Parenting Book Review: Raising Kids with Big Baffling Behaviors

Parenting Book Review: Raising Kids with Big Baffling Behaviors

Raising Kids with Big Baffling Behavior Book Cover
Written by Lauren Lynch, Adoptive Mom and C.A.S.E. Training Coordinator
Published on: Jan 11, 2024
Category Book Reviews

I have read numerous parenting books, primarily through the lens of an adoptive parent. Some of the books have provided a few helpful tools to try, but I’ve yet to read a book that made me feel so incredibly seen. Non-fiction does not usually lend itself to the “page-turning reads” category, but I could not put this one down. If you think you have read all the parenting books you can or will ever need or haven’t found one to be helpful, do not end the search just yet. I urge you to give this one a try.

After more than 20 years as a therapist working with children and families in the foster/adoptive constellation and with numerous certifications such as Eye Movement Desensitization & Reprocessing (EMDR) and Trust Based Relational Intervention (TBRI), Robyn Gobbel entered the world of podcasting with her show, “Parenting After Trauma.” The name eventually changed to “The Baffling Behavior Show.” Her first book, “Raising Kids with Big Baffling Behaviors: Brain-Body-Sensory Strategies That Really Work” was released on September 21, 2023, and my pre-sale copy landed on my doorstep the very same day.

Each chapter of the book begins with a fictitious therapy session between Robyn and her patient, Nat. Nat is an overwhelmed mother trying desperately to be the person her adopted daughter, Sammie (age 10), needs. Robyn explains that Nat isn’t an actual person, but a culmination of every patient Robyn has ever worked with who has a child with a vulnerable nervous system. In the snapshot of the therapy session, the reader hears about Sammie’s behavior and how Nat can best parent her.

The first section of the book includes the chapters, What Behavior Really Is and How to Change It, Connection or Protection: The Science of Felt Safety, Trust Me…Your Kid Wants to Be Connected to You, and What’s Regulation Got to Do with It? These chapters provide an in-depth background about why certain behaviors occur, the importance of attachment, and how hard it is on the body to live in a continuous state of stress.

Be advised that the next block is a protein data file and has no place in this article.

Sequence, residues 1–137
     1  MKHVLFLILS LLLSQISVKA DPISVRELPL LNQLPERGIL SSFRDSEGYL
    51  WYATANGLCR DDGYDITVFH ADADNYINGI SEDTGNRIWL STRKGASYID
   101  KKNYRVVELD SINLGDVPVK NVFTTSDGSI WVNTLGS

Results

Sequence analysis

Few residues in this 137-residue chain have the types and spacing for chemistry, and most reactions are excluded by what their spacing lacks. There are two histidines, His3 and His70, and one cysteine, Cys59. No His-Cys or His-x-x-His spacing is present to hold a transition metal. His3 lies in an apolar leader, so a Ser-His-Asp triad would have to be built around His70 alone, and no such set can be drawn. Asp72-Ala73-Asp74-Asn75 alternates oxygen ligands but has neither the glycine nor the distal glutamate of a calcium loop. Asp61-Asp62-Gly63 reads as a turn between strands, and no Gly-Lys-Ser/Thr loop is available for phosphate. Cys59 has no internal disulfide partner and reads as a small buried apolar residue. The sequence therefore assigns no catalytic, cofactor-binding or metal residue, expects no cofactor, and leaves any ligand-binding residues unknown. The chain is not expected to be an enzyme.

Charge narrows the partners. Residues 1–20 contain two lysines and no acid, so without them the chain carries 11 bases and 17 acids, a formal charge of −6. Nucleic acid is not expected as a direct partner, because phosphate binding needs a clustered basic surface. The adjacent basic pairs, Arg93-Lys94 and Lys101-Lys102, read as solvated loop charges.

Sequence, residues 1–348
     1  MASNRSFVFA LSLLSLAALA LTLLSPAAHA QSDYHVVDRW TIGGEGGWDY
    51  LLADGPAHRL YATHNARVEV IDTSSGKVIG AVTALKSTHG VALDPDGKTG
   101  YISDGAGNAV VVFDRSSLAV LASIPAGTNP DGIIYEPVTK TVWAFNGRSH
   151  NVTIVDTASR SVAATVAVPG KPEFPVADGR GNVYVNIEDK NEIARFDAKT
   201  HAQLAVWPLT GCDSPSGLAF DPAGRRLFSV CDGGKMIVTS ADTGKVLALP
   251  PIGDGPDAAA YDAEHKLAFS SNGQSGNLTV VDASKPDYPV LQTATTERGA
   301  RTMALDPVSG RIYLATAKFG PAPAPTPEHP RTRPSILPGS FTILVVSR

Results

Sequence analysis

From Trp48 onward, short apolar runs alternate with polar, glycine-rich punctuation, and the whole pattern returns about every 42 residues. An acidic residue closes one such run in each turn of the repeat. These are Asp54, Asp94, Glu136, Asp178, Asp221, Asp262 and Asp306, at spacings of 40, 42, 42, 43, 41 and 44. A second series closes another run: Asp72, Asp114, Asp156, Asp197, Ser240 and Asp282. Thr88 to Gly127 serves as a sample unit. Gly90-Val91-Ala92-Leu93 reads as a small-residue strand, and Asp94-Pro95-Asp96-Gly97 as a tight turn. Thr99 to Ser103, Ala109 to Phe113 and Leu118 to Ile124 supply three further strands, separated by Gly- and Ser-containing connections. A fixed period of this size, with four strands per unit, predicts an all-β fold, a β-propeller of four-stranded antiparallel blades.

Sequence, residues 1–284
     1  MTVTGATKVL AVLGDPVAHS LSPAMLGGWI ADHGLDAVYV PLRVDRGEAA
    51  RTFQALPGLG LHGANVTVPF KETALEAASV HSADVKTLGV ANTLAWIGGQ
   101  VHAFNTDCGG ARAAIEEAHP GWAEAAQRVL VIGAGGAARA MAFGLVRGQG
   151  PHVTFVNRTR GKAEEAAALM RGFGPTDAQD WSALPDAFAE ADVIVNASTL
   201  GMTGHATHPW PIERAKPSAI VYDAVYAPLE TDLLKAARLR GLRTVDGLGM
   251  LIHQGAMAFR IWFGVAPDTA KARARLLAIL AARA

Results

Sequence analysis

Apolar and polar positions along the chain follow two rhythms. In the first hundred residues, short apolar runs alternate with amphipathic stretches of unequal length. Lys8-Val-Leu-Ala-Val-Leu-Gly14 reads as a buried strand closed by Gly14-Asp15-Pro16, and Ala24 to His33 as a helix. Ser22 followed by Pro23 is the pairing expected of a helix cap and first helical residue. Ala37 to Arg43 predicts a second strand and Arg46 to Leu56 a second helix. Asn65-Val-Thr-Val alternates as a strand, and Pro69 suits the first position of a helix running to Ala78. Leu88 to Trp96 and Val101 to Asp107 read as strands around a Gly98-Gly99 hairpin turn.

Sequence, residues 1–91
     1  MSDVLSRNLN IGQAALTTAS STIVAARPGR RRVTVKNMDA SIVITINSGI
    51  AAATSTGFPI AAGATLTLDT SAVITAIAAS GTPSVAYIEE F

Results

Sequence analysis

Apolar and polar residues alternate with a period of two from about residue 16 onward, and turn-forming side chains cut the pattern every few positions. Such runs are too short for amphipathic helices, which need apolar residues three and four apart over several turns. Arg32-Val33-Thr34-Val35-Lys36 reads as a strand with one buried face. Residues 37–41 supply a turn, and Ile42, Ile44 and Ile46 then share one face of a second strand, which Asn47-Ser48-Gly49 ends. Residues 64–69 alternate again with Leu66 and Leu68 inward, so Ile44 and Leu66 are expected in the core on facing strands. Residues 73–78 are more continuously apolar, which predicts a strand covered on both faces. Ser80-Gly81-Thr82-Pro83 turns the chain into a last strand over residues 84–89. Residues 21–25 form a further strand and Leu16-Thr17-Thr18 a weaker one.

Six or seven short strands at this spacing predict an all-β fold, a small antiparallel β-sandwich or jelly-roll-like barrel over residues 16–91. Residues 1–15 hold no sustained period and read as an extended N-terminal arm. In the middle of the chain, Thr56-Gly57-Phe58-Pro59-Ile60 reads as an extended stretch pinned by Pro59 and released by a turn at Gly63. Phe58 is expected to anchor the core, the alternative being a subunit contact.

The second section of the book includes the best ways to interact with and work with children who have vulnerable nervous systems and provides some concrete parenting strategies to use. The third and final section of the book switches the focus to the parent and details how parents often know what to do but still don’t do it, how to increase tolerance of children’s behavior, and how to stay regulated.

When I mentioned earlier that I felt “seen” in this book, it was as if I were sitting on the couch in Robyn’s office during a therapy session. As an adoptive parent, the discussions between Robyn and Nat really hit home. I found myself nodding along when Nat shared so openly about her parenting shortfalls and daily struggles. Even though Nat isn’t a real individual, I felt less alone reading that so many others have faced such similar challenges because she was based on real patients Robyn has worked with over the years.

I enjoyed the visual imagery Robyn paints of the owl brain, watch-dog brain, and possum brain. She explains how our children (and ourselves) are either in protection or connection mode. We should strive to be in connection as often as possible, but children who have experienced trauma or have vulnerable nervous systems spend much of their time in protection mode. When brains are in connection mode, we feel safe and secure. The moment we sense something isn’t right or is slightly off, our brains shift to protection mode.

The wise “Owl Brain” is present in connection mode—children can use logic, cooperate, have empathy, ask permission, and pause before reacting. If we want our children’s owl brains to stick around, we need to strive for connection, felt safety, and regulation as often as possible. The “Watchdog Brain” and “Possum Brain” comes out when children first get signs of danger and switch to protection mode. When children are in watchdog mode, behaviors can range from changes in voice (whinier tones, louder, sassier) and increase in body movements to balled-up fists, pacing, major increases in energy, maniacal laughing, disrespect, and several other behaviors. The watchdog brain is at its peak when major verbal and physical aggression are present. The possum brain basically withdraws and shuts down.

Finally, Robyn provides real-life examples of how to stay in or return to connection mode with our children, how parents can stay regulated even amongst the chaos, and how we can always repair or have a do-over if we feel we haven’t been handling things in the best ways. I closed this book feeling incredibly hopeful, armed with a new way of thinking that will change the way I approach parenting and myself with a renewed sense of self-compassion. I would highly recommend this book to any type of parent (not just adoptive parents) or mental health professional.

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